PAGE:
Dave Lovekin is the director of the Pembina Institute's work on renewables in remote communities. In his years with the Institute — Canada’s leading energy think tank — he has managed numerous corporate, community and government projects focusing on research and analysis to advance energy efficiency and renewable energy solutions in Canada.

Dave has worked with stakeholders in small businesses, industry, indigenous communities, government and non-governmental organizations on projects related to shifting focus from non-renewable to renewable energy technologies (including solar PV, wind, biomass, biogas and biofuel technologies, geothermal and overall energy efficiency solutions). He has conducted numerous life cycle assessments for various energy technologies and is certified to conduct greenhouse gas accounting through the Greenhouse Management Institute.

He holds a master's degree in systems design engineering from the University of Waterloo and is currently on the WWF Arctic renewable energy expert committee and the advisory committee for NRCan developing standards for biomass fuels and equipment in Canada.


Contact Dave Lovekin

cell: 250-634-0846

Send an email

Your Name
Your Email Address
Subject
Message
This is a media request or other urgent request
 
The Pembina Institute endeavors to maintain your privacy and protect the confidentiality of any personal information that you may give us. We do not sell, share, rent or otherwise disseminate personal information. Read our full privacy policy.
 

Dave Lovekin's Recent Publications

Recommendations on QEC CIPP policy application Joint briefing note to the Government of Nunavut

Publication
Sept. 15, 2020 - By Dave Lovekin, Marvin Quitoras, WWF-Canada, Nunavut Nukkiksautiit Corporation

This briefing note was submitted by WWF-Canada, Nunavut Nukkiksautiit Corporation and the Pembina Institute in response to QEC's Commercial Institutional Power Production policy proposal (May 2020). While we appreciate QEC’s effort to develop this CIPP policy, the policy as laid out will do little to encourage the adoption of renewable energy systems in Nunavut and therefore contribute little to put Nunavut on a path of transition away from diesel.

Cover of submission

Recommendations on QEC’s commercial institutional power production policy application Pembina Institute submission

Publication
July 27, 2020 - By Dave Lovekin, Marvin Quitoras

The Pembina Institute reviews the Qulliq Energy Corporation’s (QEC) commercial institutional power production (CIPP) application. Although it is encouraging to see this application, it is the Pembina Institute’s opinion that the proposed policy will do little to encourage renewable energy uptake for commercial and institutional customers in Nunavut. Several statements do not appear to meet the stated mandate of QEC to support renewable energy.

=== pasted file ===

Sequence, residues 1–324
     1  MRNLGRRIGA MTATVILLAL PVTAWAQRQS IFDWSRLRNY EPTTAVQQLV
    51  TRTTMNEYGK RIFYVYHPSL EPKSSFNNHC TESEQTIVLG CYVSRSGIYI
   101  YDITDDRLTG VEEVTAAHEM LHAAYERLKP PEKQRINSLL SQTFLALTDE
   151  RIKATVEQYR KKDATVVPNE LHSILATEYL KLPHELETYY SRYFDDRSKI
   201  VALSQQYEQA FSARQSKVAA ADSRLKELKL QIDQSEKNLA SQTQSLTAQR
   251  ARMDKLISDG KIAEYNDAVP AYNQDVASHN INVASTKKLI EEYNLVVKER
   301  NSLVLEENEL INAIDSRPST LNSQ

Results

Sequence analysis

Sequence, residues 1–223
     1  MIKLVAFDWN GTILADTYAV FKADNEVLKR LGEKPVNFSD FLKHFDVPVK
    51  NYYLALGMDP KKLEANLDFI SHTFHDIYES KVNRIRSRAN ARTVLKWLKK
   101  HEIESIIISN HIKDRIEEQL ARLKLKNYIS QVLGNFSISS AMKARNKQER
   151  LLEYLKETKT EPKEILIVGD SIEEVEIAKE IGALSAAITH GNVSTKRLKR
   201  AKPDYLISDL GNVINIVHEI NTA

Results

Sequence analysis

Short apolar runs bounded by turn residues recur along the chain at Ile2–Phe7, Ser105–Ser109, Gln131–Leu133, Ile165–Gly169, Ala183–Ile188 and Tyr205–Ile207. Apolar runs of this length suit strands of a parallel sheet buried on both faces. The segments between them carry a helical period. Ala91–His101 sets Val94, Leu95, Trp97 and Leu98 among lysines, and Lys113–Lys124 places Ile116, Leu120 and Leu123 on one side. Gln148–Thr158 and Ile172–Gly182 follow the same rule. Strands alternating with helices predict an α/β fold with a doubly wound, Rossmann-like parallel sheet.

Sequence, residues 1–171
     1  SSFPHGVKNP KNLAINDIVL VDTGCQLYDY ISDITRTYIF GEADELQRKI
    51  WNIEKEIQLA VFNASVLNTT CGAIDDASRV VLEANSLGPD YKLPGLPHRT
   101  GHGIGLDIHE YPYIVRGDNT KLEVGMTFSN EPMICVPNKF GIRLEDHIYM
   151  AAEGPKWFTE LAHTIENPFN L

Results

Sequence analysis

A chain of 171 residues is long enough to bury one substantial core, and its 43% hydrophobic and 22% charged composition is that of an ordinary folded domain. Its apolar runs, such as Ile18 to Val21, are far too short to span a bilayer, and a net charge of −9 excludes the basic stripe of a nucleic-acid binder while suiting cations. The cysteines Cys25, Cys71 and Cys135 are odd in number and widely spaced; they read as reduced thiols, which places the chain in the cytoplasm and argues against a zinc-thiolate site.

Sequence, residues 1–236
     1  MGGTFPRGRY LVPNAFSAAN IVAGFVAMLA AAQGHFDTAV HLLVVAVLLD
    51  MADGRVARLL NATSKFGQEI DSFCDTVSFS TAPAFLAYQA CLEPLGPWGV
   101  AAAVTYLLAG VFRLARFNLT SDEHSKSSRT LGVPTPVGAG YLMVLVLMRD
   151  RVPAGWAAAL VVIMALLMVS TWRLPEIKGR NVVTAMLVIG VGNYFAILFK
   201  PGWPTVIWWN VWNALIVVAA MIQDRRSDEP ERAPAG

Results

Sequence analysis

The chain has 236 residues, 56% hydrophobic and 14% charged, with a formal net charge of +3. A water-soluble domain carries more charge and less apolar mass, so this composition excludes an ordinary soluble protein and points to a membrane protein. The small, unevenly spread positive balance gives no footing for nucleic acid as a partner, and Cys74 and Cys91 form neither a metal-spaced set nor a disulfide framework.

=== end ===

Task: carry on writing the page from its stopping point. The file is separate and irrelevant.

Tracking diesel reduction progress in remote communities Report shows current diesel use in remote communities, and outlines goals and future opportunities for diesel reduction

Blog
July 8, 2020 - By Dave Lovekin

In the past few years, important progress has been made toward reducing diesel dependency in remote communities. As a result of years of leadership and work within Indigenous communities to build capacity, impressively large renewable energy projects are coming on-line, and communities are leading their own energy transition. Increases in government funding programs that support diesel reduction projects have been important to recent progress.

Diesel Reduction Progress in Remote Communities Research Summary

Publication
July 6, 2020 - By Dave Lovekin, Jeremy Moorhouse, Vincent Morales, Ben Salek

This report collects and quantifies cumulative national diesel reduction progress from 2015-2020, outlining the progress made so far, and the opportunities to advance renewable energy and energy efficiency measures to reduce diesel use in Indigenous remote communities in Canada.

How B.C. can be a leader in economic reconciliation B.C.’s Indigenous utility regulatory inquiry – what does it all mean?

Blog
June 12, 2020 - By Dave Lovekin, Saeed Kaddoura

Of the 300-plus distinct First Nations reserves in British Columbia, 27 are remote communities, and most of these rely heavily on diesel generators as their primary energy source. But rather than depending on shipments of diesel into their hard-to-reach communities, they could harness abundant local renewable energy resources such as sun, wind, water and biomass to create local energy solutions that contribute to economic independence while creating local jobs.

Subscribe

Our perspectives to your inbox.

The Pembina Institute endeavors to maintain your privacy and protect the confidentiality of any personal information that you may give us. We do not sell, share, rent or otherwise disseminate personal information. Read our full privacy policy.